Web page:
Naeem — Congress Moves to Regulate Postcolonial Studies

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From Michael Bednar
Department of History
The University of Texas at Austin
Congress Moves to Regulate Postcolonial Studies
Oct. 20, 2003
As many of you who know me well will soon realize, I have become a
political activist for the first time in my life. I am not here to rant,
but to inform you on current legislation that is being debated in the
House of Representatives. The legislation in question, H.R. 3077, will
rewrite the Title VI legislation that has provided FLAS money to many of
us and that also funds the various area-studies centers in our
universities. In particular, the legislation proposes the creation of an
“advisory board” that may severely impact universities by dictating the
curricula taught, course materials assigned in class, and the faculty who
are hired in institutions that accept Title VI funding. It gets worse. The
U.S. House of Representative’s Subcommittee on Select Education Hearing on
“International Programs in Higher Education and Questions about Bias” on
June 19, 2003
begins with an opening statement by Representative Phil Gringrey that
includes the following passage: “we are here today to learn more about a
number of programs that are authorized and funded under Title VI, which
are some of the oldest programs of support to higher education. These
programs reflect the priority placed by the federal government on
diplomacy, national security, and trade competitiveness. International
studies and education have become an increasingly important and relevant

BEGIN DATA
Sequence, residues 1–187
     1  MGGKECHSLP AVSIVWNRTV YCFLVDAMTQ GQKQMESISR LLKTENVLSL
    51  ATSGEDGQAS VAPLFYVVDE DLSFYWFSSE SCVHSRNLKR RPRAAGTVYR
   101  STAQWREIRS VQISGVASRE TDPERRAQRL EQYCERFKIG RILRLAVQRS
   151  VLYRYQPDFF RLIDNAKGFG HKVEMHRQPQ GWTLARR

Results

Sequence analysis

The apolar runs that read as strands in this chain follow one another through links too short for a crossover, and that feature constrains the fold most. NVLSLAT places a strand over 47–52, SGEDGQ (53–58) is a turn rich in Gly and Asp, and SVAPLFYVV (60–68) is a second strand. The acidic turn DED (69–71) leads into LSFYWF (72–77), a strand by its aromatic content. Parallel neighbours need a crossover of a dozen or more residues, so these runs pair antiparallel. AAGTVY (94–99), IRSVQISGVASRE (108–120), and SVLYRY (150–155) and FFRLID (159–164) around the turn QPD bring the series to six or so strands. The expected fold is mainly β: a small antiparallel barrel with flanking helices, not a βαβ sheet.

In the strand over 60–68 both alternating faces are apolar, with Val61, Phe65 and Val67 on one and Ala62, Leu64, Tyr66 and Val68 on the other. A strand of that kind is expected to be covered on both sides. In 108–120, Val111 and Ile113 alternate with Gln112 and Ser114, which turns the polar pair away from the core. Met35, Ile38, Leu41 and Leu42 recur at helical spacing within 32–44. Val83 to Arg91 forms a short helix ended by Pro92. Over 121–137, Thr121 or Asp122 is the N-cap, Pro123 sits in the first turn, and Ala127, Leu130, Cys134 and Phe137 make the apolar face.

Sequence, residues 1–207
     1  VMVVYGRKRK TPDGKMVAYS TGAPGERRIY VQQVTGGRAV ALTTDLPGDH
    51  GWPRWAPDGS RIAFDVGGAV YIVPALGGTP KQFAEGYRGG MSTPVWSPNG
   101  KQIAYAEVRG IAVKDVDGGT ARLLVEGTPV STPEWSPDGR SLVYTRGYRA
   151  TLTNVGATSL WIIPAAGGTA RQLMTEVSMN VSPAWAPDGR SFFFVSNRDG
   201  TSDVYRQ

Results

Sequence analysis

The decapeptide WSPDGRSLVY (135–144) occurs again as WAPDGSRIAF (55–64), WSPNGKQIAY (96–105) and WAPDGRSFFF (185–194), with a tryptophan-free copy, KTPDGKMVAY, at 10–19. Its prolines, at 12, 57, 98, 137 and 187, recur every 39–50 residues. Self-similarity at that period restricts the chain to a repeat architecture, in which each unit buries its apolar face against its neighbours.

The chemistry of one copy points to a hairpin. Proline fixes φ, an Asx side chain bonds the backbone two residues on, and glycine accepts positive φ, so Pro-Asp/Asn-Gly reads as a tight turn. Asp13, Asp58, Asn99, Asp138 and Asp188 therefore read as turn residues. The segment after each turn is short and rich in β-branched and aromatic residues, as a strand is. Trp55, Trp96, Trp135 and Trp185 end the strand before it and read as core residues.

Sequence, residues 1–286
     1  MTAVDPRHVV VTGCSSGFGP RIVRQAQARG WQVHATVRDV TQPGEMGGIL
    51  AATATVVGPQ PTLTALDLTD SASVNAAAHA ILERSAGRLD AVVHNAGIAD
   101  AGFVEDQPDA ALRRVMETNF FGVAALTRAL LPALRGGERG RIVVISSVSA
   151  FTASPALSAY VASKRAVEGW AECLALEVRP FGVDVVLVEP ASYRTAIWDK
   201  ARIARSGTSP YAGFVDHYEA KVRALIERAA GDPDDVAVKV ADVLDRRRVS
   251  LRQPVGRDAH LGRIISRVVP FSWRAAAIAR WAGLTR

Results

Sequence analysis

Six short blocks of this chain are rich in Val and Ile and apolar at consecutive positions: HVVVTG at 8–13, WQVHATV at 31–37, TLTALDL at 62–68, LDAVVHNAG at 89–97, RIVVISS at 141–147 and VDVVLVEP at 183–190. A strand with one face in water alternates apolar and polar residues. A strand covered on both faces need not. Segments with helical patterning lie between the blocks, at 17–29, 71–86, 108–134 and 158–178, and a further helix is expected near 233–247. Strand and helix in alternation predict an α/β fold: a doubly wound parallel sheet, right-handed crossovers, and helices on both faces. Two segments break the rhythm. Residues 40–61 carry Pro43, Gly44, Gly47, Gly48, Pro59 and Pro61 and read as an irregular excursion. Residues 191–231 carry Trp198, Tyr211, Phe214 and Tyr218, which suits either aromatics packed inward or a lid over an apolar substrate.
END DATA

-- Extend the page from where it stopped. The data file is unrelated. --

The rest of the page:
topic of conversation and consideration in higher education…
However, with mounting global tensions, some programs under the Higher
Education Act that support foreign language and area studies centers have
recently attracted national attention and concern due to the perception of
their teachings and policies.” Testimony provided by Dr. Stanley Kurtz
(available from the link above) portrays areas studies centers as hotbeds
of unpatriotic anti-Americanism. Dr. Kurtz focuses, in particular, on
post-colonial theory and the work of Edward Said’s Orientalism in which
“Said equated professors who support American foreign policy with the 19th
century European intellectuals who propped up racist colonial empires. The
core premise of post-colonial theory is that it is immoral for a scholar
to put his knowledge of foreign languages and cultures at the service of
American power.” (quoted from Kurtz’s statement found at
Kurtz asserts that the rampant presence of post-colonial theory in
academic circles, with its bias against America and the West, has produced
a corps of professors who refuse to instruct or support (with FLAS grants)
students interested in pursuing careers in the foreign service and/or
intelligence agencies. Kurtz comments that: “We know that transmissions
from the September 11 highjackers [sic] went untranslated for want of
Arabic speakers in our intelligence agencies. Given that, and given the
ongoing lack of foreign language expertise in our defense and intelligence
agencies, the directors of the Title VI African studies centers who voted
unanimously, just after September 11, to reaffirm their boycott of the
NSEP [National Security Education Program], have all acted to undermine
America’s national security, and its foreign policy. And so has every
other Title VI-funded scholar in Latin American-, African-, and Middle
Eastern Studies who has upheld the long-standing boycott of the NSEP.” The
answer, Kurtz proposes, is to create an oversight board that will link
Title VI funding to students training for careers in national security,
defense and intelligence agencies, and the Foreign Service. How effective
was Dr. Kurtz’s presentation? The committee not only believed everything